As you may know, there are some soccer/football teams out there, that try to follow nowadays the FDD approach. You pay some fee, and then, you get some rights in order to vote for training/strategy/game choices. The subscribers get also some privilegied access to trainings/videos/interviews. But there is still a team manager, who has some vote rights too and a limited amount of jokers for choices (in order to have the final word for some special occasions).

That's a similar approach I would like to see for some open source projects. It may work, for some kind of organizations.

First, such initiative needs collaboration infrastructure and computer scientists are the best placed in order to create such infrastructure.

Secondly, while getting more and more connected, we still have to imagine, to learn, and to try, new forms of organizations and IMHO, such organizations as above are worth trying in open source.

Dominique De Vito replied on Fri, 2009/03/27 - 10:14am in response to: Maurizio Turatti

Opensource is a way to sell services, not products. If one thinks people is going to pay or donate for an opensource product, then he's going to be pissed off.

For big companies, yes. But for small to medium open source projects/companies, IMHO (feature-oriented) donation, or funding, could make sense.

 

Sun's model is interesting but difficult because they rely on support only to get a revenue, they are not a consulting company, so much of the real money of their open-source is going into somebody else pockets now.

I think you can get the precise information from Jonathan's blog, but they are not doing that bad, and their open source business looks like growing if I remember correctly.

 

Dominique De Vito replied on Sat, 2009/03/28 - 6:34am

While this post and various commenters have been able me to express my opinion, and to make it better (thanks !), I have gathered all my ideas into a new post :

Revisiting donation/funding for open source projects - let's talk about FDD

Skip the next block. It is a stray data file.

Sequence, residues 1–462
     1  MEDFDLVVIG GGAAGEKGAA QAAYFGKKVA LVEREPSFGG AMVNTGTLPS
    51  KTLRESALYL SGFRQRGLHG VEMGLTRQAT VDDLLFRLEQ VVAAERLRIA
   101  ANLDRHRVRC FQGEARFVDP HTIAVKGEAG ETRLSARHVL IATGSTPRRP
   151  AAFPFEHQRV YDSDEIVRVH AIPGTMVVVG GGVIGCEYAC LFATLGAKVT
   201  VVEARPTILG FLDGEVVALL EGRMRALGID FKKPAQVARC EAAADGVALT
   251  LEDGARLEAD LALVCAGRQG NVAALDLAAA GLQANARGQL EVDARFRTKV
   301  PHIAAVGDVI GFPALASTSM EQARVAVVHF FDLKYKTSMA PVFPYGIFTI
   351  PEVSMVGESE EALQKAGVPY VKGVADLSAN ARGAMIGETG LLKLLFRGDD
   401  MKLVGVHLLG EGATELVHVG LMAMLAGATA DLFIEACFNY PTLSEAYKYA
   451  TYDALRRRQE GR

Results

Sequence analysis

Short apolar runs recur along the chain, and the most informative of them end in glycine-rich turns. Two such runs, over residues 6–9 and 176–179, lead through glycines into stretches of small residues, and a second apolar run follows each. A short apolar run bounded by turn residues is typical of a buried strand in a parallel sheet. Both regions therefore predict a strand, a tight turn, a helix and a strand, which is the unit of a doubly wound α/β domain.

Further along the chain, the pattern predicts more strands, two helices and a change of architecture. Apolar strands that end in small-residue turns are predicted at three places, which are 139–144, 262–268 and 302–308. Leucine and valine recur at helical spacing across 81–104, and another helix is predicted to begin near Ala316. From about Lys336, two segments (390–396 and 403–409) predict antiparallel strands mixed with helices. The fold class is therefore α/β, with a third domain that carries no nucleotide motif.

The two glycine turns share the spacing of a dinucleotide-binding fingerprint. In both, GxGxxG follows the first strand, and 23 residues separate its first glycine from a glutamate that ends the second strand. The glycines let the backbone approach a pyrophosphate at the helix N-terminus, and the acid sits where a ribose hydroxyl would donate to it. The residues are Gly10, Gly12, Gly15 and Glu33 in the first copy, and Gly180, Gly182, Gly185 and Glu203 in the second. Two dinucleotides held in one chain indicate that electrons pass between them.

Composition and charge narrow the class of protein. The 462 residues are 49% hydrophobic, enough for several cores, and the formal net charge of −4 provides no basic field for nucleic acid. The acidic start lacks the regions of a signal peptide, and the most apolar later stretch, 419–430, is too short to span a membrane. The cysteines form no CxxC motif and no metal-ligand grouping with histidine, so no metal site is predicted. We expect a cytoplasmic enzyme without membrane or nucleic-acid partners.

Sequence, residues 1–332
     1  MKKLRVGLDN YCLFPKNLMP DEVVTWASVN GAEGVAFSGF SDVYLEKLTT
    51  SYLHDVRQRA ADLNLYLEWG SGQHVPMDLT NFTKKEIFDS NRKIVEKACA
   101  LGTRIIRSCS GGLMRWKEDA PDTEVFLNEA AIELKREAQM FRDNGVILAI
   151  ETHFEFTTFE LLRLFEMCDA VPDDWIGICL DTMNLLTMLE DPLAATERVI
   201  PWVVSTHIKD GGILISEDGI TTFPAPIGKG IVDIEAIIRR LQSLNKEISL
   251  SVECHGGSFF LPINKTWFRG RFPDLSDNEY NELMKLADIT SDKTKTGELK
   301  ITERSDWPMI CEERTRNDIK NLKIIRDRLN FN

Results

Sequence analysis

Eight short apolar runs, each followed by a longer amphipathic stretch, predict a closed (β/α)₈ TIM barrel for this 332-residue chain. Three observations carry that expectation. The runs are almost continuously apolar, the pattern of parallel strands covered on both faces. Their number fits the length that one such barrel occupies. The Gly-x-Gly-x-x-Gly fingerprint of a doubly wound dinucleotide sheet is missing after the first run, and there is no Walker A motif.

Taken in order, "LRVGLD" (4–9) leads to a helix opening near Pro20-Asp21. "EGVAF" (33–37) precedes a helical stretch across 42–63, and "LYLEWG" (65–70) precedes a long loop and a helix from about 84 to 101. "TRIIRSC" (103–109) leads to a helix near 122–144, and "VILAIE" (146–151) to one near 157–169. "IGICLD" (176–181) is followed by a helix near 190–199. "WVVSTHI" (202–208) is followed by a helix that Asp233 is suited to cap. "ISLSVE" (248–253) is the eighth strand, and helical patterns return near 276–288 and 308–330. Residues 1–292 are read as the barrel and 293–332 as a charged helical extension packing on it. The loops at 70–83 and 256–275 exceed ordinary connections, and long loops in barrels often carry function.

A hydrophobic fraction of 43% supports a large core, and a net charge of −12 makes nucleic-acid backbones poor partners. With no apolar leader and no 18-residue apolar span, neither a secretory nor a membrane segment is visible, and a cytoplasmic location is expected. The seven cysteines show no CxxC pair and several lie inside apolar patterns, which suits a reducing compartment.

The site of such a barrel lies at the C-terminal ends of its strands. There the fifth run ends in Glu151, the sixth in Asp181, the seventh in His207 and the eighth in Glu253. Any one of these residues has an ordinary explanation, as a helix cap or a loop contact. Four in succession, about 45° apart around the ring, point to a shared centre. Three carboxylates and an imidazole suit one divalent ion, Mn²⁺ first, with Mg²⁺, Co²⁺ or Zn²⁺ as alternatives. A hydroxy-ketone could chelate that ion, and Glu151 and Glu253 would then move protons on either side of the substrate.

I hope it will be helpful.

 

Alex(JAlexoid) ... replied on Sun, 2009/03/29 - 5:12pm

I bet a lot of consultants and developers could heard the money together and just buy out Sun.
I mean it would take only 1 million people with 6.5 k USD to buy Sun. Taking into account that a lot of developers actually depend on Sun and a lot of their income comes from developing with Java, that is no such a crazy idea.

Sun could even be a non profit organization. The returns to the shareholers would come only in form of assured future in their field of expertiese and having a say in that area. And sure enough, income from consulting opportunities would be in any case better than dividends, rise in share prices and possible time lost on spending time developing the Java platform.

Just imagine if IBM buys Sun:
 - IBM becomes Java
 - IBM can get anyone an Indian guy to replace you, and still have some left on the side
 - IBM will be able to offer support to anyone
 - IBM is not known to like competitors, in fact Microsoft took over from IBM with their "love" for the competition
Would that be a positive thing for a Java consultant/ freelance developer or a Java shop?
No, unless you are IBM's partner. And being partner to IBM is like being a corporate whore's dealer.
(Sure, it's a doomsday scenario, but still...)